The principal purpose of the visions in Revelation 6 is to awaken a sense of uneasiness by vividly identifying threats to their well-being. The four horsemen are designed to shatter the illusion that people can find true security in the borders of a nation or empire, in a flourishing economy, or in their own health. Subsequent visions promise that God will not allow injustice to continue forever, and warn that no place on earth and no position of power or wealth will protect people from the judgment of God and the Lamb. Those who grasp the way that these visions relentlessly undercut human pretensions will find themselves asking the final question in the chapter 6: “Who is able to stand?”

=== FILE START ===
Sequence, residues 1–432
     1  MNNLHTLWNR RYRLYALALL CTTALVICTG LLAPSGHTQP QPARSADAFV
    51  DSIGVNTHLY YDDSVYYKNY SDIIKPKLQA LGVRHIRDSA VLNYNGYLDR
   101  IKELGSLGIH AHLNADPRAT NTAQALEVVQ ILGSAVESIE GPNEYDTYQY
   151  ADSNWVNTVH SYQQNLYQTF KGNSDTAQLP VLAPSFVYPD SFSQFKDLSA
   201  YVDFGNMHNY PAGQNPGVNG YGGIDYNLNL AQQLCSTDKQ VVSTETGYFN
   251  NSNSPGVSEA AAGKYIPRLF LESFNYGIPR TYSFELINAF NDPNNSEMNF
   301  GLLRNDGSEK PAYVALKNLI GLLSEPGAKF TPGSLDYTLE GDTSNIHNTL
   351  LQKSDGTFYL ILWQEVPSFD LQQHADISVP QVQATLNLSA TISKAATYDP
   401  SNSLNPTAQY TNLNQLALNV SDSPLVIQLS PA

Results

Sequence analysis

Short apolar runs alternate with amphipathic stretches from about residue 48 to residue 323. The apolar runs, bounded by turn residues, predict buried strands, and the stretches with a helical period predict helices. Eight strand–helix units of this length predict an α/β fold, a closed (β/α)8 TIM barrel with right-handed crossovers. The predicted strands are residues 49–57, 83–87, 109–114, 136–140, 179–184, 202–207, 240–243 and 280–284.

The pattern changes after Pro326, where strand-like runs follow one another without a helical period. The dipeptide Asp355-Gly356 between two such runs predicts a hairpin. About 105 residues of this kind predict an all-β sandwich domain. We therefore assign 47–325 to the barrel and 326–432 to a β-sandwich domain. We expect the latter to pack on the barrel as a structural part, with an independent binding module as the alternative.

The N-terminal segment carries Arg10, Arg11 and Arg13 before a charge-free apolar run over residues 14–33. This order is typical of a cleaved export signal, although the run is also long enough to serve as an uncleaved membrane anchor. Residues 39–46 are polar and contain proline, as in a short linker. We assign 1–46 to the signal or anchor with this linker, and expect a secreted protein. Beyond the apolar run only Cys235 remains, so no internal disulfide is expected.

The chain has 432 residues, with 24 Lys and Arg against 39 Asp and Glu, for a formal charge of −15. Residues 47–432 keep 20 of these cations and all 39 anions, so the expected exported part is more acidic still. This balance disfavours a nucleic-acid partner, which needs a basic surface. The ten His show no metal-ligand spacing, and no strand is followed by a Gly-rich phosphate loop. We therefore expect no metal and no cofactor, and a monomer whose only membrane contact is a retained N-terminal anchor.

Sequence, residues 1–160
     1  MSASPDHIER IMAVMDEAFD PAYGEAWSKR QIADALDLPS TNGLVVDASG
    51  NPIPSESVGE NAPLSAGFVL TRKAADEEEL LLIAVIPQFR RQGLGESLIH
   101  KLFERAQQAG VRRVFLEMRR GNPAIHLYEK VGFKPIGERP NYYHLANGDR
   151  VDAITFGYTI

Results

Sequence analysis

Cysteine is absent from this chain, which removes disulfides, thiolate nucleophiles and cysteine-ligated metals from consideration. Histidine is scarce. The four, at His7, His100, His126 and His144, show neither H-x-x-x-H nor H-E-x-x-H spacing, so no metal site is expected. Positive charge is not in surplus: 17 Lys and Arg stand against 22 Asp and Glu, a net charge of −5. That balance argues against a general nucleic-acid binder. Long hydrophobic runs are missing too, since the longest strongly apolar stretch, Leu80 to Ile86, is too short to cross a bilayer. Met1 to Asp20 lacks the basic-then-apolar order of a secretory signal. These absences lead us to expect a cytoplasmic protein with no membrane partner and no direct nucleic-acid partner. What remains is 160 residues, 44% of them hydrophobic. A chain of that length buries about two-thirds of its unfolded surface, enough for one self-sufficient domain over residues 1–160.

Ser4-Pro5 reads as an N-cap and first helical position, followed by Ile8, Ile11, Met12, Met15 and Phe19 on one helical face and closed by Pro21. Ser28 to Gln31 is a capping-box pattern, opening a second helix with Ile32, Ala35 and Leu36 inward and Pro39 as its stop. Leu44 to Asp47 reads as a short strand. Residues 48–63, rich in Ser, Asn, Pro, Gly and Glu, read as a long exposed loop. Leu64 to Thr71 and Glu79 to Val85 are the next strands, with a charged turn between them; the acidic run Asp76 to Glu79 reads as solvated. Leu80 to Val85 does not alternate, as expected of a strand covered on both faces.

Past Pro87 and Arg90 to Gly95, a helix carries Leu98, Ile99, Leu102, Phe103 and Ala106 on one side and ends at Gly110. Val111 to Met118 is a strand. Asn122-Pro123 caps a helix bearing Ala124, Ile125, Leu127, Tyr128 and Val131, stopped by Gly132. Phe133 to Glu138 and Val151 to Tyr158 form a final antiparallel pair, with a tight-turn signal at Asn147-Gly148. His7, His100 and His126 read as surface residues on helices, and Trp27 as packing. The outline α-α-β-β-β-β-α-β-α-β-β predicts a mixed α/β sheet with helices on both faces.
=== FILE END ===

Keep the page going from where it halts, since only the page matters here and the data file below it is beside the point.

Albrecht Durer’s (1471-1528) woodcut of the four horsemen shows how these threats work on readers. The first horseman with his bow appears in the background of the picture, furthest away from the viewers. This placement is suggestive because fear of conquest by a foreign power is often furthest away from readers’ minds. If the first horseman awakens a sense of distant uneasiness, the second horseman brings the threat a step closer by pointing to the violence that people perpetrate on “one another” (6:4). Danger is not limited to external invasion, but can also come from internal conflict. The third horseman brings the threat still closer by depicting economic insecurity, as he grasps scales like those used in commerce. This horseman is the largest and most prominent in Durer’s picture, suggesting that economic difficulties loom largest in most people’s minds. The fourth horseman, who represents death, is in the lower foreground of the picture, together with the bizarre creature that represents Hades. Viewers’ eyes often overlook the figure of death as their attention is drawn to the large horseman representing economic uncertainties; but death is the threat that sits in the lap of each viewer. No one escapes it.